When the fuel runs low you will need an airfield with three things. A suitable runway to land on. A suitable runway for take-off - not necessarily the same thing. And the correct grade of fuel, plus a means of getting it into your aircraft.
Suitable for landing means it must be long enough, the approach and overshoot must be clear, it must be flattish, smoothish and strong enough. It must have no ditch across it, the rain must not have eroded its surface, and you must be able to see all this by doing a fly-past – long grass must not be hiding these imperfections. The camber must not be too severe for your level of experience. It can play hell with directional control. Bush strips are often heavily cambered to prevent standing water.
If it is black earth, make sure it is not very wet, because then it’s soft and likely to get you bogged. Or slightly wet, because it sticks to your wheels and tears the spats off. Or very very dry because it develops cracks that can eat your nose-wheel. Black earth absorbs water so readily that it’s difficult to see how wet it is. Check for dust on nearby roads.
If it is red earth look out for greener patches that can hide mud or water. Claypans, which are brilliant landing areas when dry, become ice rinks when wet. Saltpans can be like after-dinner mints – hard on the outside and soft underneath - be very careful.
Didn’t know you were allowed to land on pans? Actually you can land pretty well anywhere that conforms to two requirements. First, you must have permission from the owner or caretaker of the ground, and second, you must establish that it’s safe for landing and take-off. You can do this from the air. Obviously if anything goes wrong you failed to comply with the second requirement and therefore contravened the law. Also check that the aircraft insurance covers unlicensed fields.
The narrowness of bush strips often makes them look longer than they are. If in doubt fly over it at 100kts into wind, and time it (about 50m per sec). Ten seconds will give you the equivalent of 500m - it will only be an actual 500m if there is no wind. Be sure you understand the implications. Doing it into wind, the runway will be shorter than you measure, but it should be OK for landing because of the headwind. However you may find yourself wanting to take off on it tomorrow with no wind - and full tanks.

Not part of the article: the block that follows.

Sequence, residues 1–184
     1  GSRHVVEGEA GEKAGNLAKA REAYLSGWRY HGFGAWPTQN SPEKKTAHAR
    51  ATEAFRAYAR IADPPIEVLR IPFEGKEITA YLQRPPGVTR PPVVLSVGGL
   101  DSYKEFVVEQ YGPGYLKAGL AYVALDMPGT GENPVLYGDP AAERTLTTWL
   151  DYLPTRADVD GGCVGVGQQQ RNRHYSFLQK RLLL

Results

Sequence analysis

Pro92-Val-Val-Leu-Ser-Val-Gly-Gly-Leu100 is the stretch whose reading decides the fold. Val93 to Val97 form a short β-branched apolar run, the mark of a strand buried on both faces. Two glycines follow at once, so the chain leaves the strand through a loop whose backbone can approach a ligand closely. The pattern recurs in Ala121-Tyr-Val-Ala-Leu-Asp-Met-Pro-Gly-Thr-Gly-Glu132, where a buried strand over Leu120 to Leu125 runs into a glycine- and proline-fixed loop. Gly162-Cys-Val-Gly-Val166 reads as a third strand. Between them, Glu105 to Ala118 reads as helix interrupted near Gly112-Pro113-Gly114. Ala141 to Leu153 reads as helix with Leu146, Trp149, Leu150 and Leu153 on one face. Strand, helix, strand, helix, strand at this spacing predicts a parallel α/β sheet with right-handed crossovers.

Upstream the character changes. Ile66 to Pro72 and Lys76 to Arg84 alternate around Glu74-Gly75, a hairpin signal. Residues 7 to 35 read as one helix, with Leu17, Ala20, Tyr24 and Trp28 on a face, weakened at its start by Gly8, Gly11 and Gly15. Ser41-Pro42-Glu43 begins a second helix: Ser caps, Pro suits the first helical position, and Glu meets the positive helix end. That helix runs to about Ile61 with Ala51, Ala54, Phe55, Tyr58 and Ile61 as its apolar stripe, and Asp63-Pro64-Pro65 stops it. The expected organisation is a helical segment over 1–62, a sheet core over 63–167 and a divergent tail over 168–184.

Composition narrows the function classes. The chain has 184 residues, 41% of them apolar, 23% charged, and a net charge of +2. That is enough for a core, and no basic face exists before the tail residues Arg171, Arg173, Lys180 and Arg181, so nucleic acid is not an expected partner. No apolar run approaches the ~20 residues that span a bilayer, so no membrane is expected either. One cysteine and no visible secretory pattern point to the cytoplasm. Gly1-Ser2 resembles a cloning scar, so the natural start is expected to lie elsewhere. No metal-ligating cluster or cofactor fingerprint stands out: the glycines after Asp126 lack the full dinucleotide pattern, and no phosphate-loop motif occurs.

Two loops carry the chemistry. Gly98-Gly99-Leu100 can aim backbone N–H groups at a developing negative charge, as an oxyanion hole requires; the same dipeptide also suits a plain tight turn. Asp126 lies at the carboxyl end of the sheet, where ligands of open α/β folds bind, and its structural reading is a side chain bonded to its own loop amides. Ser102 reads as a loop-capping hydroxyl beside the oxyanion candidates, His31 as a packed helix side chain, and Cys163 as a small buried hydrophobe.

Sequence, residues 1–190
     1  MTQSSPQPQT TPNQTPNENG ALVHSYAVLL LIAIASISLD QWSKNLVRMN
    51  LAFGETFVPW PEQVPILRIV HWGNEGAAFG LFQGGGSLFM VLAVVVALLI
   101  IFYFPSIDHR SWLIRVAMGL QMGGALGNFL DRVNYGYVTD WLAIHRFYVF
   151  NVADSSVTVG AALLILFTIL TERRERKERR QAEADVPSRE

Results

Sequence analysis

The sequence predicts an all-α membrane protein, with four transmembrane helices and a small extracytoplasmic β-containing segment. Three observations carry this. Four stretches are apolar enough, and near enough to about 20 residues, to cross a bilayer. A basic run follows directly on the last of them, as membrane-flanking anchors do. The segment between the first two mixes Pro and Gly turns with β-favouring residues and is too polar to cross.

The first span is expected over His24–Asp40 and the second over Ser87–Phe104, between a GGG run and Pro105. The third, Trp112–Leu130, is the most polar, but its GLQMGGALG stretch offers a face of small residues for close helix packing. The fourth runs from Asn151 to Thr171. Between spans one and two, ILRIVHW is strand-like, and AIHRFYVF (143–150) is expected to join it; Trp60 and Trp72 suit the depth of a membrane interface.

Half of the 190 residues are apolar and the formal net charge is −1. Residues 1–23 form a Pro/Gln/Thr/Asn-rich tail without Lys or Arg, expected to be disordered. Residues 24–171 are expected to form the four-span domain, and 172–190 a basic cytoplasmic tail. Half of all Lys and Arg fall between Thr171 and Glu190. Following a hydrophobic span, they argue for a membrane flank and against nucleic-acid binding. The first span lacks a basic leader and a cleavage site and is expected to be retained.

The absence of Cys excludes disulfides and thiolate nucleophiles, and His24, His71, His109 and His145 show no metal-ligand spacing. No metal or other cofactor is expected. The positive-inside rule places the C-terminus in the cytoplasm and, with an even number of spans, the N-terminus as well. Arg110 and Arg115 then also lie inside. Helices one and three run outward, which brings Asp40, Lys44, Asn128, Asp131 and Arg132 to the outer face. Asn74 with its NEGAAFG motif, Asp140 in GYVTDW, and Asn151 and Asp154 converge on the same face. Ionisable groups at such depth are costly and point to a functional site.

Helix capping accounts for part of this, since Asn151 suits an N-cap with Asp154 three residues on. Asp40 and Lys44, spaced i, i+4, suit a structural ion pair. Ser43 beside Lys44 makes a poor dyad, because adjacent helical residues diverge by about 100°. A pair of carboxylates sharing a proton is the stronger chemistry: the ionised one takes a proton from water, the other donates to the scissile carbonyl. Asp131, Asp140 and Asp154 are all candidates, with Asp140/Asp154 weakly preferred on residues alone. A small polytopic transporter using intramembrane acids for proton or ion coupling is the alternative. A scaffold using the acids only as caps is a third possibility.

Bush strips are sometimes built for the owner’s STOL aircraft and are not designed for city-based road-runners. They may have only one direction because of wires or other obstructions. They are often near the homestead – and a radio mast.
They tend to harbour bits of barbed-wire, animal-holes, and soft or slippery patches. Windsocks blow away. Windmills don’t always point into wind - some are rusted and some have the tail pulled round. There are seldom tie-downs - take your own. Some strips double as roads and may be corrugated or have traffic.
A grass surface can hide obstructions, and cause miserable braking when wet or frosty. Long grass can double the length of your take-off run. Also the seeds can block your air intakes as well as pitot, static and breather vents. If the grass is long and dry you can set fire to it with your exhaust.
In soft sand let plenty of air out of your tyres for taxiing and take-off - it makes an unbelievable difference.
Talking of sand - never ever, fly low over sand or dunes – their height is unbelievably deceptive and you can smack one before you know what’s hit you.
If in doubt, walk the area before using it - there is nothing more stupid than landing successfully, and then taxiing into a hole and bending the prop.
As well as carrying the current ERSA, buy AOPA’s National Airfield Directory and its fantastic companion handbook, the Pilots Touring Guide. Between them, they cover bush strips and unlicensed fields that may be lifesavers.
Country people like to be visited. When you phone to ask about their strip, they have a vested interest and will tell you it’s fine. Don’t believe them. Ask penetrating questions about the length, the surface, the approaches, the wetness and all the other good things – like when was the last time someone landed there and what sort of aircraft?
Now I will just touch on the what ifs of weather – to do it justice it needs a whole article of its own.
I once phoned a country police station to ask about the weather. “It’s fine - couldn’t be better” the cop said. When I asked if he could see any clouds he replied, “Yes everywhere. We haven’t had rain like this for years.”
Beware dust storms that lurk in the vacinity of thunderstorms and are seldom forecast. Fortunately they move quickly. It’s often best to come back to your endurance power-setting and hang around. Another reason for carrying plenty of fuel.
In summer beware of whirlwinds and dust-devils or cockeyed-bobs. They are hard to spot if the ground is damp.
In winter poor viz and low-level wind-shear are particular hazards. When Steve Fossett landed his balloon in after his round the world trip, he had 20 knots at 100 ft and calm on the ground! That must have been interesting.
Next, let's talk about Navigation.